Is Unconscious Bias In Recruiting Impacting Your Hiring Process?

| Ameya Deshmukh
Bias & Diversity
unconscious bias still effects diversity

Many recruiting organizations have implemented an initiative, program, or policy surrounding diversity and inclusion practices, with the goals of reducing the impact of unconscious bias to bring equality in opportunity to their hiring process. It’s great to see high level buy in and organizational support for creating a more equitable world of work for all. However, I’ve looked through a fair amount of research and I’m concerned that diversity and inclusion policies, on their own, are not enough to create equitable access to job opportunities. 

True change will take time and hard work, and as leaders in recruiting, we need to first understand how unconscious bias in hiring still undermines our diversity and inclusion efforts. Of course, one of the biggest hurdles in defeating this unconscious bias is the fact that it’s, well, unconscious! These decision-making shortcuts were hardwired into our brains throughout human evolution. Unconscious bias thrives under the conditions of uncertainty, and flourishes on the time and cognitive restraints that recruiters are subject to at work every day. Let’s take a deeper look at this connection. 

The pitfalls of high volume tasks 

Many of these unconscious bias practices fall under the context of the high volume tasks that are a natural part of the recruitment process. It’s easy for recruiters to become overwhelmed with inbound applicants: we’re only human, and there are limits to how many applications recruiters can review, candidate conversations recruiters can have, interviews recruiters can schedule, and so on. 

For example, when recruiters are overwhelmed, less time is spent on pre-screening each applicant. That pressure is compounded even further depending on the state of the economy. Through an eye-tracking study of recruiters in high volume applicant scenarios, Ladders found that during the 2012 recession, recruiters spent an average of just 6 seconds per resume. And the results weren’t much more promising even during record-low unemployment numbers in 2018: recruiters were still only spending 7.4 seconds on average per resume. This is hardly enough time to effectively match candidate skills to position needs.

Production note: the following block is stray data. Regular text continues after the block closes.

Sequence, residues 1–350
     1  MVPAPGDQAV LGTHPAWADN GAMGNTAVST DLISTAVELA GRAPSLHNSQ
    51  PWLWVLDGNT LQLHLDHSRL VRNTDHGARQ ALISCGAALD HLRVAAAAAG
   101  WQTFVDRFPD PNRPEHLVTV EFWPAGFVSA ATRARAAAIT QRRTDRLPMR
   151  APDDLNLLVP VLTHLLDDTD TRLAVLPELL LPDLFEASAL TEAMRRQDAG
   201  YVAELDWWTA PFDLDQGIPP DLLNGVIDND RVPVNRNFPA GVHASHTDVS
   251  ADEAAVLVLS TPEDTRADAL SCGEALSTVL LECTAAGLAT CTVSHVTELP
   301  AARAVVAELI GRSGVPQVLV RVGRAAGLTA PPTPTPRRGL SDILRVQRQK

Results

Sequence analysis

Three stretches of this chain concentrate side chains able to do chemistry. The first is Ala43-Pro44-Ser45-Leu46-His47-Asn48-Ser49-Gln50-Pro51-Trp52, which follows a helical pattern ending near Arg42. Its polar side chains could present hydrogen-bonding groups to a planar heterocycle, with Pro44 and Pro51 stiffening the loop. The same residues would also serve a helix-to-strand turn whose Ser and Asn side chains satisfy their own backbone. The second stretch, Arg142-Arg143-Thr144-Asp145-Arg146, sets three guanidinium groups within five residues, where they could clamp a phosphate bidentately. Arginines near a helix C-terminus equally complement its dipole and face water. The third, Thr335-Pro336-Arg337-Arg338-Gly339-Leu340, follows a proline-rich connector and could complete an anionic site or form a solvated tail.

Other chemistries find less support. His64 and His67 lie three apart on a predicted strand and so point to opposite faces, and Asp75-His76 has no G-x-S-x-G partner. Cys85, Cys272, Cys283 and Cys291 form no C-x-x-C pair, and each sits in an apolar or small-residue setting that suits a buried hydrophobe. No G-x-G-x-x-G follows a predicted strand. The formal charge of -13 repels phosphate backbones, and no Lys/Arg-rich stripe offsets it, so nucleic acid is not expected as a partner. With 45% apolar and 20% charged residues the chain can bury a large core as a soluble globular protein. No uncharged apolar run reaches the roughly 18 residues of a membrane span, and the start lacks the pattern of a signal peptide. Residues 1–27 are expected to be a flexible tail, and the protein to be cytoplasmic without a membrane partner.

With more candidates available during a recession, the more resumes a recruiter goes through, the more likely they are to find the perfect candidate, right? Not quite. During the last recession, managers noted that positions that used to take two months to fill, ended up taking 8 months to fill. That’s a lot of time for those unconscious biases to take hold and lay roots in the recruitment process, especially taking into consideration those constraints on recruiter time and cognition. 


Unconscious Bias and resume screening

Amos Tversky and Daniel Khanaman’s Nobel Prize-winning research on how people manage risk and uncertainty found that when constraints of limited time and cognitive capacity are placed on decision making, humans rely on mental shortcuts of reasoning called heuristics and biases. The greater the constraint on time and cognition, the greater the likelihood that decision-makers will rely on their unconscious system of irrational cognitive biases to make decisions.

Consistent with Tversky and Khanaman’s research, Ladders also found that because recruiters have so little time to look at resumes, they were only scanning the name, job titles, and employment dates listed

Here’s why it’s problematic to only review name, job title, and employment history:

A 2-year joint study completed by University of Toronto and Stanford University helps explain this unconscious bias further, in part by looking at the role of employers in shaping hiring outcomes. Researchers applied to 1,600 entry-level jobs across 16 U.S. metro areas with three versions of the same set of resumes: